FIG. 66. the discharge must be calculated for the mean of the heads at the beginning and end of the time. As this involves a good deal of troublesome calculation, E. Sang proposed to use a scale so graduated as to read off the discharge in cubic feet per second. The lengths of the principal graduations of such a scale are easily calculated by putting Q=r, 2, 5 . in the ordinary formulae for notches; the intermediate graduations may be taken accurately enough by subdividing equally the distances between the principal graduations. The accurate measurement of the discharge of a stream by means of a weir is, however, in practice, rather more difficult than might be inferred from the simplicity of the principle of the /, -T operation. A art 6; from the difficiilty Z* of selecting a suitable coefficient of W discharge, which need not be serious if the form of the j, weir and the nature of ilts crest aire propery atten ed to, other difficulties of FIG' 67 measurement arise. weir should be very accurately determined, and if the weir is rectangular its deviations from exactness of 'level should be tested. Then the agitation of the water, the ripple on its surface, The length of the and the adhesion of the water to the scale on which the head is measured, are liable to introduce errors. Upon a weir IO ft. long, with 1 ft. depth of water fiowing over, an error of Hoooth of a foot in measuring the "head, or an error of Hooth of a foot in measuring the length of the weir, would cause an error in computing the discharge of 2 cub. ft. per minute.-Hook Gauge.-For the determination of the surface level of water, the most accurate instrument is the hook gauge used first by U. Boyden of Boston, in 1840. It consists of a fixed frame with scale and vernier. In the instrument in fig. 68 the vernier is fixed to the frame, and the scale slides vertically. The scale carries at its lower end a hook with a fine point, and the scale can be raised or lowered by a fine pitched screw. If the hook is depressed below -1 - *-1 S 3. o 1; EE fl e 1 2 é I e I e - f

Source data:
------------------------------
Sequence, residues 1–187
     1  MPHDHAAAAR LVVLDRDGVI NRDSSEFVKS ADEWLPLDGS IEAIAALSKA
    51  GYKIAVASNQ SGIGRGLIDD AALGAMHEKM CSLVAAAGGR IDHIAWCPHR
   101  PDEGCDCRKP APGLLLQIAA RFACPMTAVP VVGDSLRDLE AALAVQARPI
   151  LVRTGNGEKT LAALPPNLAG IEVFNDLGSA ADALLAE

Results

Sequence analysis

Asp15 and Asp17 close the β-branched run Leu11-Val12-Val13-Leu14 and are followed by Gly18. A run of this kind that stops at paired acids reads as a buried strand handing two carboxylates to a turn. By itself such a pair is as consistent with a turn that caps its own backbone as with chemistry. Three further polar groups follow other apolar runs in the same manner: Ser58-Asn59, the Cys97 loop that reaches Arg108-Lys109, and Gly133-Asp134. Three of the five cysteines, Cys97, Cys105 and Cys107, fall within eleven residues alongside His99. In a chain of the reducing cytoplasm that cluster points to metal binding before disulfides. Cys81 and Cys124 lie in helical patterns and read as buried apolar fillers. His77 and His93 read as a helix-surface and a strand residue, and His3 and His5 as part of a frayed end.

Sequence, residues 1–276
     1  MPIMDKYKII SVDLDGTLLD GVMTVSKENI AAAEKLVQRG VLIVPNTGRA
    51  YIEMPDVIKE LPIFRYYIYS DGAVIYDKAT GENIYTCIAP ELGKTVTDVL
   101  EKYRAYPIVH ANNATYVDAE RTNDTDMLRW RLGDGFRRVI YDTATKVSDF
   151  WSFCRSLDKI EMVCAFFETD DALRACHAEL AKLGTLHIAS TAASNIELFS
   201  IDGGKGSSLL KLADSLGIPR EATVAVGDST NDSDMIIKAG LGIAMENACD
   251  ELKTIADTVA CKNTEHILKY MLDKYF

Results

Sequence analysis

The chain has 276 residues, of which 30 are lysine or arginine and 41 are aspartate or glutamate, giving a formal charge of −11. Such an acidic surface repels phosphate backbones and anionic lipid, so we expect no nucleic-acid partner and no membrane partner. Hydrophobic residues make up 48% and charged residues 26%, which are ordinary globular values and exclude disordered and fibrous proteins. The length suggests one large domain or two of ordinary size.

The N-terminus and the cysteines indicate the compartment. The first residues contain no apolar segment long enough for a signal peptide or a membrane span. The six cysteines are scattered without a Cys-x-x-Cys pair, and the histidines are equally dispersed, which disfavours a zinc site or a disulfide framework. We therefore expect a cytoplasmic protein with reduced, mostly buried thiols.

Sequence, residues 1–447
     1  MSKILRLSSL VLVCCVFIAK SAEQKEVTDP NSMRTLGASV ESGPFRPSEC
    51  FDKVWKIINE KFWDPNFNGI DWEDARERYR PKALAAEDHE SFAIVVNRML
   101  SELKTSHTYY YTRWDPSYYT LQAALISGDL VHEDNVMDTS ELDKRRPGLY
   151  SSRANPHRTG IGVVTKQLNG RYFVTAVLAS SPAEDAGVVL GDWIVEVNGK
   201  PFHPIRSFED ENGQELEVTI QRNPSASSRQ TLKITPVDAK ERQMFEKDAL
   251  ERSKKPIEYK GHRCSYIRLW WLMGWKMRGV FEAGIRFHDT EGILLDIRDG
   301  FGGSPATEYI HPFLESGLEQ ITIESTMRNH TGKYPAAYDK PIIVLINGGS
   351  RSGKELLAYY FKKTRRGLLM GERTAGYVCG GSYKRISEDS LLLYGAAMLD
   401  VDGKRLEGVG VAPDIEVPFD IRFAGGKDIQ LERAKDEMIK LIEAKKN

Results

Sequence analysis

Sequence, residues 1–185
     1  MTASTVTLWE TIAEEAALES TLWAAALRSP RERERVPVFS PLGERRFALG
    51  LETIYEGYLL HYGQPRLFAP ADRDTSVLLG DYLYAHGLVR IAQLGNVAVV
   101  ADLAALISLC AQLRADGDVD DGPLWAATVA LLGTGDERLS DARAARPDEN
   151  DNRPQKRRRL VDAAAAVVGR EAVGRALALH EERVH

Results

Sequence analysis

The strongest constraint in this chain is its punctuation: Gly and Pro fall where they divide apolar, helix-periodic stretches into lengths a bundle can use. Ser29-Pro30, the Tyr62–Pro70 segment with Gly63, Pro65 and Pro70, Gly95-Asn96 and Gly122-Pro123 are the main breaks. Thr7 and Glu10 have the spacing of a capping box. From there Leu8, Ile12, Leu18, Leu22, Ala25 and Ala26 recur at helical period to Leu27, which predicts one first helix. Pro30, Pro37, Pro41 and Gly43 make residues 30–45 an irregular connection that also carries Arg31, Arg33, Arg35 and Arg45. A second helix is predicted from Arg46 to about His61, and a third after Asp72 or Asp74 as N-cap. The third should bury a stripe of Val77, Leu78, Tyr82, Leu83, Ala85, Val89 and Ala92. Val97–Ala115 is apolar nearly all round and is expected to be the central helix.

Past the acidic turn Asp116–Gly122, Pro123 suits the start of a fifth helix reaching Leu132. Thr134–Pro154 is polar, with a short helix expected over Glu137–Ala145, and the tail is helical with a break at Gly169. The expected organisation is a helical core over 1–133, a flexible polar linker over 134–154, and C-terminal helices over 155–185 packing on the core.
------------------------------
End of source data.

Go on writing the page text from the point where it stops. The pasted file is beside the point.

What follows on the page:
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E; -; Fig. 68 the'water surface and then raised by the screw, the moment of its reaching the water surface will be very distinctly marked, by the reflection from a small capillary elevation of the water surface over the point of the hook. In ordinary light, differences of level of the water of -001 of a foot are easily detected by the hook gauge. If such

a gauge is used to determine the heads at a weir, the hook should